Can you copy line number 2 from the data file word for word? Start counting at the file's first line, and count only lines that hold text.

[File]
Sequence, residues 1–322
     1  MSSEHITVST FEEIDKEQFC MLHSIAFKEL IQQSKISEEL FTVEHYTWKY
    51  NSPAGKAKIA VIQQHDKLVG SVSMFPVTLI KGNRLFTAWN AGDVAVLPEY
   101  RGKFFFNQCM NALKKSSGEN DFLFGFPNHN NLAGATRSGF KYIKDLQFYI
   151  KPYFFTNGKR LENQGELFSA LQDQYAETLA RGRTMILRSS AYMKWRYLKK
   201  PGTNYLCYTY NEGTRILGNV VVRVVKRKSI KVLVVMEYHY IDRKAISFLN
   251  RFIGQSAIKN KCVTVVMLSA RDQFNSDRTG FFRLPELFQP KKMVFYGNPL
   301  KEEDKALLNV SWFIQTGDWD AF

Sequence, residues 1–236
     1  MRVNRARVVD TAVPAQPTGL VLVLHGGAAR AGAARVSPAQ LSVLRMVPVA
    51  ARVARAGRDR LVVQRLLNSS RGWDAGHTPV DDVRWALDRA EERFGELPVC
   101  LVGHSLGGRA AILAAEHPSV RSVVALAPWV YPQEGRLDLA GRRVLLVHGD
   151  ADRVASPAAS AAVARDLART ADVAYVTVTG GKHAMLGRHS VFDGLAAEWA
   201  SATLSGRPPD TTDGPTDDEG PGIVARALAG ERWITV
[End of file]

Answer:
     1  MSSEHITVST FEEIDKEQFC MLHSIAFKEL IQQSKISEEL FTVEHYTWKY